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LIRA Predicts Strong Growth Into 2013

Remodeling activity in the U.S. is likely to see accelerated growth for the rest of 2012 and well into 2013, according to the Leading Indicator of Remodeling Activity (LIRA) released today by the Remodeling Futures Program at the Joint Center for Housing Studies of Harvard University.

This positive outlook is largely due to the uptick in home sales as well as a sunnier future for many U.S. contractors. The LIRA predicts that U.S. remodeling activity will increase by 12.2% to $128.9 billion by Q1 2013, more than doubling the predicted Q4 2012 growth of 5.9% at $120.7 billion.

“It looks like we’re finally starting to see some improvement in the residential sector of the economy and that’s going to spillover to remodeling fairly soon,” says Kermit Baker, director of the Remodeling Futures Program at the Joint Center. “We think we’re going to see market improvement by the fourth quarter of this year and strengthening as we move into the first quarter of next year.”


Ebb & Flow

There have not been abundant gains since the market hit its low in the 2009–2010 time frame, Baker says, causing most remodelers to have seen a bit of an ebb and flow of business conditions over the last couple of years. “It looks like finally we’re seeing enough momentum behind the residential sector that we’re going to pick up off of that base and move into some reasonably healthy growth,” he says, adding that with the solid, single-digit number gains in the market this year, there is the potential for double-digit gains next year “as long as we don’t have any setbacks in the economy.”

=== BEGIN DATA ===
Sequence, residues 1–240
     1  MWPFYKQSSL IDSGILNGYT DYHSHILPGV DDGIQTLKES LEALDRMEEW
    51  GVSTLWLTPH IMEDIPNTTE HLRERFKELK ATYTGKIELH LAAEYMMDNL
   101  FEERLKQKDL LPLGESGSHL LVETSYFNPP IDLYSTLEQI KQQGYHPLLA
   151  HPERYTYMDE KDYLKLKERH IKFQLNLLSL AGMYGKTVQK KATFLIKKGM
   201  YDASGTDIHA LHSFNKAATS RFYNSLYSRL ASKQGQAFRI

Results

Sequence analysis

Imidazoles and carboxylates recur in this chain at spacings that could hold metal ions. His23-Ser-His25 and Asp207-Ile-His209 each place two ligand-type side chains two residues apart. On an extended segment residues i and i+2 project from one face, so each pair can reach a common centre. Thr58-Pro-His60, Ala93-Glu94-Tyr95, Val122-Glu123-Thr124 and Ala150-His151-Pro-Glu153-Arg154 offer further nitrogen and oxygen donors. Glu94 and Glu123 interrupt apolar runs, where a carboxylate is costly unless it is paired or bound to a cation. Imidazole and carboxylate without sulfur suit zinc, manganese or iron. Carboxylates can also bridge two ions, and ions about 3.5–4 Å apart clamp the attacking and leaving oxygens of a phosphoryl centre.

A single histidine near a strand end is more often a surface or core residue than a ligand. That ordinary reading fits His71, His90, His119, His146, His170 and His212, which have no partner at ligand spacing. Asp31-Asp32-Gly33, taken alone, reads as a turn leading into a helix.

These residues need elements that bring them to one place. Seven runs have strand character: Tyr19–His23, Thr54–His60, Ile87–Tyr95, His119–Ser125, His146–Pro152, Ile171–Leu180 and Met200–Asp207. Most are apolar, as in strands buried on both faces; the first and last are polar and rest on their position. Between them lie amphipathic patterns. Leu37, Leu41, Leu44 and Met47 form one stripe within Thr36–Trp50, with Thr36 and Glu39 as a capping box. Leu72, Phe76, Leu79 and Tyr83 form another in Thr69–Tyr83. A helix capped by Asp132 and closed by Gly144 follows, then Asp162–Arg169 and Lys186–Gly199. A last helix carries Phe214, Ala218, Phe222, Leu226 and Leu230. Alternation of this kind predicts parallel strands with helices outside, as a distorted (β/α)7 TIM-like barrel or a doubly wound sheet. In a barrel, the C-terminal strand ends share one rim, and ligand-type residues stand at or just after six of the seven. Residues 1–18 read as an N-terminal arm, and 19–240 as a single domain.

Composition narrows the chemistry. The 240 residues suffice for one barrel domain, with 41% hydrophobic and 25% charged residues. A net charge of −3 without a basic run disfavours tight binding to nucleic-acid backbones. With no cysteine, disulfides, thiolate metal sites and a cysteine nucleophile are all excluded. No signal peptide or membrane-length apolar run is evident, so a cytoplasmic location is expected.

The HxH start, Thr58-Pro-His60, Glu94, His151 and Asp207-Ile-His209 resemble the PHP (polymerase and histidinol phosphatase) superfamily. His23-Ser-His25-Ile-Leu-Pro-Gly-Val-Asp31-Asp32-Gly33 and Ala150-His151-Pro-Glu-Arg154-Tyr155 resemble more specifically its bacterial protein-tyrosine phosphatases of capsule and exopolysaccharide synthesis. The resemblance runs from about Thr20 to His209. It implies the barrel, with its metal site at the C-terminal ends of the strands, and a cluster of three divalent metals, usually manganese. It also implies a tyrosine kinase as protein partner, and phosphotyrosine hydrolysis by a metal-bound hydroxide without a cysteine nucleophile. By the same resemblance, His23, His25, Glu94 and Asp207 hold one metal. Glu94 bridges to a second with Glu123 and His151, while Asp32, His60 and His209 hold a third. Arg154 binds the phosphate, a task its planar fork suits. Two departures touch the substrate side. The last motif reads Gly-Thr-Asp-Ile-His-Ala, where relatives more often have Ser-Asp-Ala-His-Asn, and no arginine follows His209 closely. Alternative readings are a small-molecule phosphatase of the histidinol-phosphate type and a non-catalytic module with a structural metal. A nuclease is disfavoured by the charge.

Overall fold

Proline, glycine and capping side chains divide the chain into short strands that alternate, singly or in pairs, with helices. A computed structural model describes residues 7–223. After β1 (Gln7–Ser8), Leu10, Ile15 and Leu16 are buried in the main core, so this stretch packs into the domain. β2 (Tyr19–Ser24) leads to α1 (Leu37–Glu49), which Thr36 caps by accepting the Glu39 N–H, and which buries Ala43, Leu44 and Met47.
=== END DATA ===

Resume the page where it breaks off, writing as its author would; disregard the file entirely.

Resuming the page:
Despite the current obsession with the upcoming presidential election, Baker feels that it will have very little, if any, impact on the economic outlook regardless of the election outcome. “I don’t see a dramatic influence of the election on the industry,” he says. “I think there’s a certain amount of the ‘let’s sit tight’ attitude but that’s more with businesses than homeowners.”

An added positive may take place in the election’s aftermath since it will give businesses one less excuse in delaying decisions that they would have otherwise made. “We have a divided government now; we’ll have a divided government after the election,” Baker says. “I don’t think there’s going to be a lot of dramatic changes, but it will remove that one piece of uncertainty that will allow folks to move ahead with their plans.”—Mark A. Newman, senior editor, REMODELING.